Using Lens Filter settings to change the diffusion and color filters
Working with the Camera settings.
The Camera group has controls for 3-Strip Process and five controls for Tint (Tint, Tint Color, Tint Black, Tint Black Color, and Tint Black Threshold). Of most technical interest is the control for the 3-Strip Process, which attempts to mimic the Technicolor process of the 1930s. Figure shows the following Camera effects on the image:
- 3-Strip Process: 0
- Tint: 10
- Tint Color: (olive green)
- Tint Black: 50
- Tint Black Color: (sky blue)
- Tint Black Threshold: 25
- 3-Strip Process: 0
- Tint: 0
- Tint Color: (clover green)
- Tint Black: 0
- Tint Black Color: (navy blue)
- Tint Black Threshold: 30
Changing the Camera settings, concentrating on Tint
Working with the Post settings.
Finally, the Post settings allow you to alter the tone and temperature of your image. The settings you can change are Warm/ Cool, Warm/Cool Hue, Post Gamma, Post Contrast, and Post Saturation. You may have noticed that the Subject category allows you to set values on Saturation, Gamma, and Contrast. Figure shows the final image, once the following Post settings have been applied.
- Warm/Cool: -3
- Warm/Cool Hue: -66.11
- Post Gamma: 0
- Post Contrast: 40
- Post Saturation: -20
Concluding the process with the Post settings
- Warm/Cool: 0
- Warm/Cool Hue: 0
- Post Gamma: -3
- Post Contrast: 30
- Post Saturation: -10
Finally, the Looks are tweaked to bring out some extra details. The Warm/Cool settings on the Neo Look are brought down to cool the image, while they are set to zero for the Miami Look.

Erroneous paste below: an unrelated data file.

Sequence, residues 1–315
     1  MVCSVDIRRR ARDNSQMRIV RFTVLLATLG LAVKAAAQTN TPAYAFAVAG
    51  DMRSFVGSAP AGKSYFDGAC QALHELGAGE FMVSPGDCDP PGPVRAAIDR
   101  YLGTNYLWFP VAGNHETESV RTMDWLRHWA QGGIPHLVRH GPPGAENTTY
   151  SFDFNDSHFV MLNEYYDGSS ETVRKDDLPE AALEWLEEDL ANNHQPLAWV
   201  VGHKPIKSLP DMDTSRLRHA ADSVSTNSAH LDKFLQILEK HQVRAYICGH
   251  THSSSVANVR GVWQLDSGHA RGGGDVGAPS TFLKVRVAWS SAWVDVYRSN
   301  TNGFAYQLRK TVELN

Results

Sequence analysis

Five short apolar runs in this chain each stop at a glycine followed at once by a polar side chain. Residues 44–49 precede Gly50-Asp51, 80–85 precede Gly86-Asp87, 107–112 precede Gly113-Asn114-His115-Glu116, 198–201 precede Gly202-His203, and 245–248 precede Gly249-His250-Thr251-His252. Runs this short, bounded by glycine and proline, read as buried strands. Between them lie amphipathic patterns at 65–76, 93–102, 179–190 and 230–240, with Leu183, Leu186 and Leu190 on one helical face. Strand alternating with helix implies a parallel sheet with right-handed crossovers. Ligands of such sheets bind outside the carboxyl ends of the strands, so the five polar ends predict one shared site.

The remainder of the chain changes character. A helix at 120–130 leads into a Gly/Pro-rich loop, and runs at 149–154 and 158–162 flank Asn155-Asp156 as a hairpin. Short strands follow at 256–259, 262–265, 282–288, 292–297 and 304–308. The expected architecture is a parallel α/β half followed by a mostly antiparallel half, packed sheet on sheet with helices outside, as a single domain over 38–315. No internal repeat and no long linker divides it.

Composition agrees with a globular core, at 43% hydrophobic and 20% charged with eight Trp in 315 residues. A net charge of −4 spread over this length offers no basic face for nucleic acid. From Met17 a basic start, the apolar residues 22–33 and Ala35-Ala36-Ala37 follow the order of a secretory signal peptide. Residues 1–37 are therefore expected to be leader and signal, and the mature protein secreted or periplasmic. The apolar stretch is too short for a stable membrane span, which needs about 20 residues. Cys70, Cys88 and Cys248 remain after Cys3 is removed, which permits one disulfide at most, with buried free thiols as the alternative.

Using the Misfire Set of Tools
Misfire offers a variety of film-like artifacts, including scratches, dust, flicker, and grain. Every setting in Misfire can be turned on or off, so you can mix and match until you discover the look you prefer. Or, you can apply just one of the settings by using the individual effect:
Lightens the image
Varies the tone of the image
Discolors the image
Places small black and white particles on the image
Makes the image's brightness change from frame to frame
Darkens the edges of the image
Slightly distorts the image
Places small black lines vertically down the image
Creates a colored line vertically down the image
Produces thin, wiggling lines
Causes the image to move slightly from side to side
Allows you (again) to work with the contrast
Each of the effects has to be seen in running video in order to convey the resulting look. Using the Misfire set of tools along with the prebuilt Looks provides an exceptional means of creating impressions not traditionally available when using video.
Rendering Your Project
Sadly, all the cool effects you get when using Magic Bullet come at a cost: time. The amount of time it takes to render your particular project will depend on how many effects you have applied to your video and how much computing horsepower you have at your disposal. It is not uncommon for an editor who has applied a lot of effects to set her system to render overnight, only to discover the next morning that the machine is still chugging away.
In order to not be disappointed with the end result, always render small sections of your affected video. This will enable you to make sure you like the final "look" you are constructing. The process of affecting the look and feel of your video can be very time-consuming and should be left as the last thing you do before finalizing your audio.